Economics is the social science concerned with the allocation of scare resources among unlimited wants. Since our wants surpass the resources available to fulfill them, scarcity exists and a rationing device is needed. In the United States, dollar price is the primary economic rationing device.
Dollar price allocates U.S. resources and coordinates a very complex economy in a seemingly effortless manner. Consumers use price in deciding which product to buy. Businesses want to offer the best product at the best price with the best service to increase profits. If successful, resources flow to their business and allow it to prosper. If unsuccessful, losses occur, which may threaten their business. Students strive for more education and superior grades in the hopes that they can obtain a good job with a high income. Employees strive to be more productive to obtain a larger bonus or a promotion.
The common activity of driving to a restaurant to buy a hamburger, fries and soft drink involves the coordination of thousands of decisions and activities. The rancher has to raise the calf and send it to market at the correct time, to provide the beef to go into your hamburger. The wheat farmer has to till the ground, plant the wheat, harvest the wheat and send it to the flour mill in preparation for your bun. Similar coordination must occur for the vegetables, condiments, paper wrapping, napkins, transportation, and a host of other factors. Coordination must be precise. You expect your hamburger, fries and soft drink to be ready when you arrive unannounced at the restaurant. The dollar price rationing device makes the process seem simple.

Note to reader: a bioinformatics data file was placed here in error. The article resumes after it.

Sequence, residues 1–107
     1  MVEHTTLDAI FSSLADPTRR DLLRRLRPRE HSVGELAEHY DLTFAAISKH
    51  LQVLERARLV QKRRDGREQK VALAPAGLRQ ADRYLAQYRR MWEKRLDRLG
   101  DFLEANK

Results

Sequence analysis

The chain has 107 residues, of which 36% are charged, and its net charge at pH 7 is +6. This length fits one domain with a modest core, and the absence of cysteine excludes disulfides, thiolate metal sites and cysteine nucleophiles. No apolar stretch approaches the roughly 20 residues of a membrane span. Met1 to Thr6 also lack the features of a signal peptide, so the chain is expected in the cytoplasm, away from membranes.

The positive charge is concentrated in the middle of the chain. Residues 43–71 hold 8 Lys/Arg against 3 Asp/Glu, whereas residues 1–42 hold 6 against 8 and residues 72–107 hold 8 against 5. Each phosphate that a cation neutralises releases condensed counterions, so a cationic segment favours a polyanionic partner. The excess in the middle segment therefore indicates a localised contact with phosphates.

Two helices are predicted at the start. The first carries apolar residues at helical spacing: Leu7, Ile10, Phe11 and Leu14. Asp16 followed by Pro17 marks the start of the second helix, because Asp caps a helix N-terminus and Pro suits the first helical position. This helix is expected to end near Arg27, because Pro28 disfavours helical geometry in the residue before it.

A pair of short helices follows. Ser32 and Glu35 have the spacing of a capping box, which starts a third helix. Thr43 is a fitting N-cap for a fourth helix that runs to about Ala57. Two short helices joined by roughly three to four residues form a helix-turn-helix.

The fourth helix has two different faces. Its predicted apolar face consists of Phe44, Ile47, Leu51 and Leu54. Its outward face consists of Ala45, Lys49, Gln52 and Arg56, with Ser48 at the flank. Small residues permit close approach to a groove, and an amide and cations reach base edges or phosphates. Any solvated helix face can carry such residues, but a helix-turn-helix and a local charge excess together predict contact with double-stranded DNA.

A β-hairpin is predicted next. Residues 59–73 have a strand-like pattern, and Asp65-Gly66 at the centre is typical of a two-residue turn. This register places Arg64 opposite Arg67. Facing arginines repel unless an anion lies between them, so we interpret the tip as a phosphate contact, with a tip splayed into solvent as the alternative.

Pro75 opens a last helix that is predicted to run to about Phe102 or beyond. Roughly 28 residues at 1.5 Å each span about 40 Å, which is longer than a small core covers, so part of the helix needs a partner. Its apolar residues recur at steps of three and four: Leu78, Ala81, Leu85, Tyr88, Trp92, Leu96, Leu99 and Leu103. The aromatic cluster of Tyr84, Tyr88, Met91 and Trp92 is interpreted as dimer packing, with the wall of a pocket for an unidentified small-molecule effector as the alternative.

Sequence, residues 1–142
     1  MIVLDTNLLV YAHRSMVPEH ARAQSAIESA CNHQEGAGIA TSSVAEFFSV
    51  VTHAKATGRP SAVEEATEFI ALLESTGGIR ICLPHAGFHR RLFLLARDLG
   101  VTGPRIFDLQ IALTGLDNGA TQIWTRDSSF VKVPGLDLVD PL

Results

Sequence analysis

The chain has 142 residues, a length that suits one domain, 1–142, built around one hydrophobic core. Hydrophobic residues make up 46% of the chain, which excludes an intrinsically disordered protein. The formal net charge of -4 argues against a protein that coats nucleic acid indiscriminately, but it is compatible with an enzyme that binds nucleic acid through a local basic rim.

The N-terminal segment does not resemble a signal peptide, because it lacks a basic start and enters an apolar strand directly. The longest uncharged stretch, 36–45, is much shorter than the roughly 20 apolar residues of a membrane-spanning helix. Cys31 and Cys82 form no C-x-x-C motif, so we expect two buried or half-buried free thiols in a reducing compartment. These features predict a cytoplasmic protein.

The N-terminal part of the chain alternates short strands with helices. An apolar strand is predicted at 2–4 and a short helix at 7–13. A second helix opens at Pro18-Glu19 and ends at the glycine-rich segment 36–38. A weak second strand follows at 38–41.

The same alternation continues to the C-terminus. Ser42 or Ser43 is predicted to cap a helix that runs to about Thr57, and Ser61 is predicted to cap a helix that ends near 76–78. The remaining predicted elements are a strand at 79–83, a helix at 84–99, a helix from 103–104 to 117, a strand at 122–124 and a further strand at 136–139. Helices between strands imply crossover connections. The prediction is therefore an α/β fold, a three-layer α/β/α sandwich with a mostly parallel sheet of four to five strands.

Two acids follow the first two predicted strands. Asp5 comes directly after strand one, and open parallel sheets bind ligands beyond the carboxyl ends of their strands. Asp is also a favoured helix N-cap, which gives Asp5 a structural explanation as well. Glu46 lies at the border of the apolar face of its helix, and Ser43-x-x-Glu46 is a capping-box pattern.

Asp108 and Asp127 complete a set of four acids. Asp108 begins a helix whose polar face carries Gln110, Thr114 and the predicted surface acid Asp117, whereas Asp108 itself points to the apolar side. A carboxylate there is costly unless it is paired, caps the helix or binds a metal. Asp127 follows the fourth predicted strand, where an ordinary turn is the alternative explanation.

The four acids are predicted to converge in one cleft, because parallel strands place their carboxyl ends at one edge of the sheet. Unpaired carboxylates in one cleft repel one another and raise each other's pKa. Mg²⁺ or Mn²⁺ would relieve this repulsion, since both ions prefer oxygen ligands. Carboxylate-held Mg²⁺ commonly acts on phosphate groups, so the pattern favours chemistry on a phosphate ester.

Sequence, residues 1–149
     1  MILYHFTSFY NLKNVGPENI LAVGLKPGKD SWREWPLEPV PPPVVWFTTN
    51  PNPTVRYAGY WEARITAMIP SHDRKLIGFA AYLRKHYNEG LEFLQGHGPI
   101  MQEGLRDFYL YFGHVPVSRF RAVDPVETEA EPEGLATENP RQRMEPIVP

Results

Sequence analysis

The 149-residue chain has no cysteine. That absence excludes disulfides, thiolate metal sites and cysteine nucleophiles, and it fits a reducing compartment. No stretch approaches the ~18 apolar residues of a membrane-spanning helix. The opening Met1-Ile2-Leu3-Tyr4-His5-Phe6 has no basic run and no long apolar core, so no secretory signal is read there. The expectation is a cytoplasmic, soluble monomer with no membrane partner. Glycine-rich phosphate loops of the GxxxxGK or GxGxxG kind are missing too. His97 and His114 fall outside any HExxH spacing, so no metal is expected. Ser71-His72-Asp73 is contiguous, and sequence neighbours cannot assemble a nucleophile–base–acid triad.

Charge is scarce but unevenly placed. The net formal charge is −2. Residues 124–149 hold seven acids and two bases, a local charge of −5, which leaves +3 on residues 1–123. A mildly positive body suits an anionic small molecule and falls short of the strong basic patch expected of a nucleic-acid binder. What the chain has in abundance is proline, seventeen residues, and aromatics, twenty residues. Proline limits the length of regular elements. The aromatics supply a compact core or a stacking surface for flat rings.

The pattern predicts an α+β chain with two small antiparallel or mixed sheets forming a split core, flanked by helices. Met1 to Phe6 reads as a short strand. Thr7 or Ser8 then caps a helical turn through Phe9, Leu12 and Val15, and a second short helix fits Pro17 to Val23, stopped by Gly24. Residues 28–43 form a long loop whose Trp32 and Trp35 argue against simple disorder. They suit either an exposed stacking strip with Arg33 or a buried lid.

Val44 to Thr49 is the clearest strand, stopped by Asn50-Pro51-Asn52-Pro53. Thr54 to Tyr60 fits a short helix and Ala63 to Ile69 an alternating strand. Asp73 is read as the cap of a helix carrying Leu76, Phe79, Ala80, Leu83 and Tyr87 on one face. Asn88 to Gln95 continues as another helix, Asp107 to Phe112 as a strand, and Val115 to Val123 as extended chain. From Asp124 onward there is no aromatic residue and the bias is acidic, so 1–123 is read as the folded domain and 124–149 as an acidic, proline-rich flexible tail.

In the kingdom, how do we allocate and coordinate our expenditures of time, finances and efforts to accomplish all that He has called us to do? How do we teach our congregation to allocate their resources according to the King's priorities? Failure to use our resources for the right things, at the right time, in the right amounts almost guarantees failure in what we have been called to do. The greatest risk in our churches is not trying and failing; it is succeeding in what we have not been called to do.
The world is hurting. Poor people are plentiful. Unsaved are everywhere. Sin abounds. Families are under severe stress. Our youth are faced with challenges and temptations that could not have been imagined a few decades ago. These issues seem to be increasing at a faster pace and from more directions than at any time in recent history. Resources are insufficient to do everything. Priorities must be set. Our churches must be focused on mission. We must not divert our attention.
Allocation of our resources must match the priorities the Lord has given us. The following principles will help:
- Have a written vision statement; a short one- to three-sentence description of the Lord's vision for your ministry.
- Have a written mission statement; a brief one- to five-sentence description of what the Lord expects you to accomplish.
- Have five-year objectives that contribute to your vision and mission. Each five-year objective should be concise and measurable.
- Have a few year-long objectives that contribute to each five-year objective. Again each year-long objective should be concise and measurable.
- Have action plans for each objective in which the budget funds each objective and you assign responsibilities to departments or individuals.
- Monitor and review progress toward each objective periodically (monthly or quarterly).
- Be open to the Holy Spirit's direction for new opportunities, challenges and direction.
"His master said to him, 'Well done, you good and faithful servant. You have been faithful over a few things. I will make you ruler over many things. Enter the joy of your master" (Matt. 25:21).
Dr. James R. Russell is professor of economics and chair of the Undergraduate College of Business at Oral Roberts University in Tulsa, Oklahoma.
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